Michigan voters narrowly oppose Kavanaugh nomination

Melissa Nann Burke
The Detroit News
Supreme Court nominee Brett Kavanaugh testifies before the Senate Judiciary Committee on Capitol Hill in Washington, Thursday, Sept. 27, 2018.

A new poll finds that Michigan voters by a narrow margin oppose the nomination of Judge Brett Kavanaugh to the U.S. Supreme Court, following riveting testimony last week from Kavanaugh and one of the women accusing him of sexual misconduct.

The survey conducted this week of 600 likely voters found that 40 percent approve of Kavanaugh’s selection and 45 percent oppose it, with 15 percent saying they are undecided.

More:McConnell sets Friday test vote on Kavanaugh nomination

The poll, conductedSept. 30 to Oct. 2 for The Detroit News and WDIV, had a margin of error of plus-minus 4 percentage points.

Opinion on Kavanaugh shifted from a month ago when a poll of Michigan voters showed them split on Kavanaugh, with about 36 percent in support, 39 percent opposed, and 25 percent undecided. 

"Compared with the September poll, this went from a sleepy nomination to a very intense, partisan nomination right now. That’s the difference we’ve seen in the last four weeks because of the allegations," said Richard Czuba, who conducted the poll for the Lansing-based Glengariff Group Inc.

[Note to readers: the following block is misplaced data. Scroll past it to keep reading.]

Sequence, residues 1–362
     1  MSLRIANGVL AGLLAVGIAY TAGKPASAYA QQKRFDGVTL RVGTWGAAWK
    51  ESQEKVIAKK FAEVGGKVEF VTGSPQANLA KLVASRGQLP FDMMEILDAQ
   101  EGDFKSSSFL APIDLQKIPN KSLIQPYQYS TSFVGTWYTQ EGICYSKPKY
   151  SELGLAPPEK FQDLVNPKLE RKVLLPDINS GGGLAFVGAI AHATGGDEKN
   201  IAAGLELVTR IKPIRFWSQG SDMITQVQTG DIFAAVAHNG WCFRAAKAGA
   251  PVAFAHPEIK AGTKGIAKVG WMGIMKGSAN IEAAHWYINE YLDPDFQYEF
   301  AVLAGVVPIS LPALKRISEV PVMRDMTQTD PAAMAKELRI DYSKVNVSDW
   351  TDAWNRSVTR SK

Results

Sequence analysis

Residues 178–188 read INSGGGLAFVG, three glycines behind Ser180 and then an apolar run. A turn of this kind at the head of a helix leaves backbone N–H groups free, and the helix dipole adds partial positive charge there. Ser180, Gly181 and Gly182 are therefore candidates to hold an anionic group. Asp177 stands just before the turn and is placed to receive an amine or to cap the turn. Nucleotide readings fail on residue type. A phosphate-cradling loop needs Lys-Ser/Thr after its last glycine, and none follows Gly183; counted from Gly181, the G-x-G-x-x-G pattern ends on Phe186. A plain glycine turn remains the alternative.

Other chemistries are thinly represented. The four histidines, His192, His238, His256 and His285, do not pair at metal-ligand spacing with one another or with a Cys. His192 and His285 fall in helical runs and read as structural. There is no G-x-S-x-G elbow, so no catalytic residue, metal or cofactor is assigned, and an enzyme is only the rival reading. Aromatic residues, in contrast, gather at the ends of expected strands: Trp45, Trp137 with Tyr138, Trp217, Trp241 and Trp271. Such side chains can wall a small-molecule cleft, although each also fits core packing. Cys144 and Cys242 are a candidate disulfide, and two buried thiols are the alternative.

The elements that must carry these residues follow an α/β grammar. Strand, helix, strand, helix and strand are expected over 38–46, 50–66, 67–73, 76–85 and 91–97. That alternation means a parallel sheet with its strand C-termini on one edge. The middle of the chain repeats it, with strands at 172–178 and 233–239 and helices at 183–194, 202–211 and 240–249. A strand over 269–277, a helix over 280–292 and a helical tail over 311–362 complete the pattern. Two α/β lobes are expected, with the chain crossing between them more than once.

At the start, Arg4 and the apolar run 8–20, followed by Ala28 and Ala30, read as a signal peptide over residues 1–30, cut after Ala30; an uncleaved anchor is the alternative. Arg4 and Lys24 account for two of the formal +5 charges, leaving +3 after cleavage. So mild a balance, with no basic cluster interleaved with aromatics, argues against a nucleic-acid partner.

Over 90 percent of respondents had heard of the allegations made by three women against Kavanaugh. Most Republican senators argue the accusations are uncorroborated, while nearly all Democratic senators have said they believe Ford.

One of the women, Christine Blasey Ford, testified last week before a Senate panel about her allegation that Kavanaugh sexually assaulted her when they were both in high school in the summer of 1982.

Christine Blasey Ford testified that Brett Kavanaugh trapped her on a bed and tried to undress her, grinding his body against her and muffling her cries with her hand. "I believed he was going to rape me," she said in her opening statement.

Kavanaugh also testified, vehemently denying her claim and blasting Senate Democrats for smearing his name.

"As I look at this whole survey, it strikes me that this battle isn’t changing anyone’s mind when it comes to the election. It’s more an issue of everyone taking to their corners," Czuba said. 

Men and women largely view the allegations differently, according to the survey. 

Forty-eight percent of women said they believe Kavanaugh’s accusers, with 30 percent saying they believe Kavanaugh. About 21 percent of women were unsure.

"Whereas men are relatively split. Particularly Republican men very strongly believe Brett Kavanaugh," Czuba said.

"Women strongly believe the women coming forward. And a lot of people on the sidelines are undecided — 1 in 4 don’t know who to believe."

Independent voters said they believe the accusers over Kavanaugh by a margin of 28 percent to 34 percent. The polling of 544 voters who had heard the allegations had a margin of error of plus-minus 4.2 percentage points.

Kavanaugh, 53, has served on the U.S. Court of Appeals for the D.C. Circuit for 12 years and previously served as an aide to President George W. Bush.

Trump nominated him July 9 to fill Justice Anthony Kennedy’s seat on the Supreme Court over federal appeals Judge Raymond Kethledge of Michigan, who was among the finalists considered. 



Kavanaugh nomination 

Support 40.3%

Oppose 44.7%

Undecided 15%

Note: Numbers may not total 100 percent because of rounding. Poll of 600 likely Michigan voters had margin of error of plus-minus 4 percentage points.

Source: Glengariff Group